BARBARAELLEN KOCH PHOTO
Deputy sheriffs place wreaths at the new memorial outside the county jail on Friday. The memorial was made from 10 stones taken from the old jail in downtown Riverhead.
Riverhead resident Frances Alec stood paralyzed at the edge of the tent. Two young boys shuffled by her, eventually joining a crowd of mourners in placing roses in memory of their loved ones.
It had been 29 years since Ms. Alec lost her husband, Ronald, and the pain had never really gone away. Now, she stood outside his former workplace, just steps away from an historic monument honoring the sacrifice of her husband and other deputy sheriffs and correction officers who have died in service since 1887.
But when the master of ceremonies invited family members to place roses around the memorial site, Ms. Alec couldn’t.
“I wanted to, but my legs wouldn’t move,” she said after the ceremony. “I froze. You just don’t ever get over it.”
The new monument was unveiled at a ceremony at the Suffolk County Correctional Facility in Riverside on Friday. Until then, the annual event offered only flowers and wreathes. The monument provides a more permanent means to commemorating the lives of the dead.
“Dying for your country isn’t the worst thing in the world,” state Assemblyman Peter Abbate Jr. (D-Brooklyn) said during a ceremony Friday. “Being forgotten is. These men and women have sacrificed their lives for our safety, and we will not let them be forgotten.”
Lining the memorial walkway are 10 granite stones, each surrounded by red perennials, taken from the remains of Riverhead’s old Griffing Avenue jail. They’re placed strategically beneath an American flag at the facility’s entrance. Family members can find the names of their loved ones engraved on a mounted plaque set vertically into one of the stones.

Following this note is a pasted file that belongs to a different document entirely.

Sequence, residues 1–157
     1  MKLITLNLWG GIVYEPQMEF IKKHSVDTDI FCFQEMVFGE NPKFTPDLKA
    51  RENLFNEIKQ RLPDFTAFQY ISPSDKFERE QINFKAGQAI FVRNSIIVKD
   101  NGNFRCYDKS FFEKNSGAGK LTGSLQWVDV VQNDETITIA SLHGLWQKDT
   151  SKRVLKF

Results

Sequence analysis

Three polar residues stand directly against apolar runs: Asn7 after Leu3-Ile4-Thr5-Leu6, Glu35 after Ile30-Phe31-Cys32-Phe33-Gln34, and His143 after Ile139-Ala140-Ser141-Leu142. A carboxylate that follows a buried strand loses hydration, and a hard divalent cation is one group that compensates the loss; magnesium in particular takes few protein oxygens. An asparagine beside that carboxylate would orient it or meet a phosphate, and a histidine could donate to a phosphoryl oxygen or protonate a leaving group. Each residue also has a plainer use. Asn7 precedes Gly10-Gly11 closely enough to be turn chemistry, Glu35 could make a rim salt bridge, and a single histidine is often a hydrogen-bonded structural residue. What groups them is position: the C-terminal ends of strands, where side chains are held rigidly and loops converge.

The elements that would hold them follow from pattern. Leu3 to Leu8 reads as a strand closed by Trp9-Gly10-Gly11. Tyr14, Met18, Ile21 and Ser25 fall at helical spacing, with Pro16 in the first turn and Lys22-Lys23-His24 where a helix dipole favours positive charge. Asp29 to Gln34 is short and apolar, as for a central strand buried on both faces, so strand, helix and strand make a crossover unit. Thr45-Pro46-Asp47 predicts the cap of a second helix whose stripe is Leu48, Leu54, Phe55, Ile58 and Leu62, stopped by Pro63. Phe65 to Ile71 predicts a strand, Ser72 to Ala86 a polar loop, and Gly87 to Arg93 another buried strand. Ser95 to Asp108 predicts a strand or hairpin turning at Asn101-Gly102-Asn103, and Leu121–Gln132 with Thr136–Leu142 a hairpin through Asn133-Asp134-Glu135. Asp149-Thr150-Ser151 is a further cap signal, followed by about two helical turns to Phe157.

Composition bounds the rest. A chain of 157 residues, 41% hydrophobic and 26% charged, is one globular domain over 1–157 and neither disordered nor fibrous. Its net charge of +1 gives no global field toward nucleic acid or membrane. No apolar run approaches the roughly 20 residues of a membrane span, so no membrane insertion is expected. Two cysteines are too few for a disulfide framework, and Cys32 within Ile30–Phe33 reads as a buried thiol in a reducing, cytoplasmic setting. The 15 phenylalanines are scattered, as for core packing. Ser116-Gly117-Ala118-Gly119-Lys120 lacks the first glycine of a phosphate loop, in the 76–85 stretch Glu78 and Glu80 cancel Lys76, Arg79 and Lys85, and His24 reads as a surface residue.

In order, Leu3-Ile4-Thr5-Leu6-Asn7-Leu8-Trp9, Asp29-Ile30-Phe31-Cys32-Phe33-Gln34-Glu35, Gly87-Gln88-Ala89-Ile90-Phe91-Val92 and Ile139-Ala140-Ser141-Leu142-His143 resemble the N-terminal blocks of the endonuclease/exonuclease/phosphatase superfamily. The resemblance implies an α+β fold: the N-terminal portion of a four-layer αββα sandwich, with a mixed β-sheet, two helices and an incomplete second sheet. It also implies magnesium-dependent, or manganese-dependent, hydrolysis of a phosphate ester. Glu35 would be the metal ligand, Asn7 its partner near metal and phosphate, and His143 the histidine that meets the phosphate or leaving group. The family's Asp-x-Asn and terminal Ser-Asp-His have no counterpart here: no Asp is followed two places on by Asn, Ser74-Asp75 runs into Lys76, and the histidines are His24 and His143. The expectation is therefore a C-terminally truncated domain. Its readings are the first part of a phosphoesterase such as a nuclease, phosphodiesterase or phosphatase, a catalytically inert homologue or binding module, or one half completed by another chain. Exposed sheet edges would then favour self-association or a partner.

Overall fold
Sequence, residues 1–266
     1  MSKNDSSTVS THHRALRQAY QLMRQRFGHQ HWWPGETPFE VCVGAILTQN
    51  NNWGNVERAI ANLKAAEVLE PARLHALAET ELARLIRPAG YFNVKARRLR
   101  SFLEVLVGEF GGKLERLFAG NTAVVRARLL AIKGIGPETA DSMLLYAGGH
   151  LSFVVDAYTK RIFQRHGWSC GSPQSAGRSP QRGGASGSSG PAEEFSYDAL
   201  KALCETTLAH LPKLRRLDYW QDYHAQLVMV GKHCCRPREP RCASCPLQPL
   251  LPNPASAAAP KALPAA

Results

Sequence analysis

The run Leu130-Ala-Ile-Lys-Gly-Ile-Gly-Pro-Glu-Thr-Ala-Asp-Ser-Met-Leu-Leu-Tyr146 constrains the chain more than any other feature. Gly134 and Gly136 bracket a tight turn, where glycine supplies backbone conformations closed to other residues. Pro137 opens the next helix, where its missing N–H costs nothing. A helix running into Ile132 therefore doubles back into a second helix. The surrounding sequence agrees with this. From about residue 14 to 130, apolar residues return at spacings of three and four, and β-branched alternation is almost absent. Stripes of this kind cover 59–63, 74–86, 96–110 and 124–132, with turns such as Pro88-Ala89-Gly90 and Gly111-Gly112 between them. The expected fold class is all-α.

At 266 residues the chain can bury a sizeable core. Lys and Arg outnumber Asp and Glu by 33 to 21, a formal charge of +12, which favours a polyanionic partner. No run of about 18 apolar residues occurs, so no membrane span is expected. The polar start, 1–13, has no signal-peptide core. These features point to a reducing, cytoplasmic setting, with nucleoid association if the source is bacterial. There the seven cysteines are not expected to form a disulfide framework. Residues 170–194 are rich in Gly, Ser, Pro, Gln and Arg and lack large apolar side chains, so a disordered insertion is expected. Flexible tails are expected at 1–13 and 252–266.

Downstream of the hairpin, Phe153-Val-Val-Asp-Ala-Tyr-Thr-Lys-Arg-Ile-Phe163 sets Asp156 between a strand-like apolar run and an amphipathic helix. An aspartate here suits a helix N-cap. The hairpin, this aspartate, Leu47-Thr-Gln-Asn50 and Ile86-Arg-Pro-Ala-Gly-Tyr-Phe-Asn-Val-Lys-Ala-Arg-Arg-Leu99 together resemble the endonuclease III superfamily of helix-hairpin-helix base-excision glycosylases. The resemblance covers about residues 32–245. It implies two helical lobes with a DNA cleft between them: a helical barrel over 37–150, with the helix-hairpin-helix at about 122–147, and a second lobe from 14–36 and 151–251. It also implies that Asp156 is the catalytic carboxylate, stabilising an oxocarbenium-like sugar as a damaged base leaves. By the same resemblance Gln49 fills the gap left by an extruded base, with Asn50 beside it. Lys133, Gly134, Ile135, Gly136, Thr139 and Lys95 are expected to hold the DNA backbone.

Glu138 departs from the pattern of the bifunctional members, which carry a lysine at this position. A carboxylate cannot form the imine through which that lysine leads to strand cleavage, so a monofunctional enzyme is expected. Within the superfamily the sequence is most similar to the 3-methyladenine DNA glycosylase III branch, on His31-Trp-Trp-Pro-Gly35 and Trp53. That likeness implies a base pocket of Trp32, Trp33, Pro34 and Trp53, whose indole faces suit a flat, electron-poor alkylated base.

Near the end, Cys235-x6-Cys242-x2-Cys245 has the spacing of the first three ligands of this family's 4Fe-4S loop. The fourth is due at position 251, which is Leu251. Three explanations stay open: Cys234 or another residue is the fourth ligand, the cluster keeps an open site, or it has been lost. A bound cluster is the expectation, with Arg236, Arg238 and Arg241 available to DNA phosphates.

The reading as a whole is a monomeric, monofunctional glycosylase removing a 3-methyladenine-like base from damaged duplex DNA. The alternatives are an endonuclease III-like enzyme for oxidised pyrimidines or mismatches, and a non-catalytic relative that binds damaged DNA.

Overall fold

“My goal was to try to utilize the stones to their greatest potential,” said Riverhead landscaper Frank Esposito, who designed the memorial site. “I wanted a funnel, a visual link from the sheriff’s building to the flag.”
Eight of the 10 stones are placed horizontally at a 45-degree angle to the walkway, strengthening the “visual link” Mr. Esposito envisioned and providing family members with a place to sit and reflect.
The monument, eight months in the making, was completed entirely by volunteers at no cost to the county. Local businesses donated the materials and facility inmates helped with the construction. County undersheriff John Meyerricks oversaw the project’s completion with the help of county correction officers.
“It was something of Meyerricks’ career long-goal to have a more formal memorial site,” said Sheriff’s office chief of staff Michael Sharkey. “This is a much more respectful setting to honor these people … quite an impressive undertaking.”
Those in attendance were equally impressed.
“This is just one of the nicest, most gracious things they could do,” said Ms. Alec, who has tried to attend the event every year since her husband died.
Jean Vuolo, whose husband, a corrections officer, died of a heart attack last year, sent her two youngest sons to place the family’s rose at the memorial site.
“When he passed away, I was 44, and he was only 47,” Ms. Vuolo said. “I never realized that I was going to take this journey by myself for the rest of my life. My worst nightmare came true, but I tell the boys that he’s with us all the time.”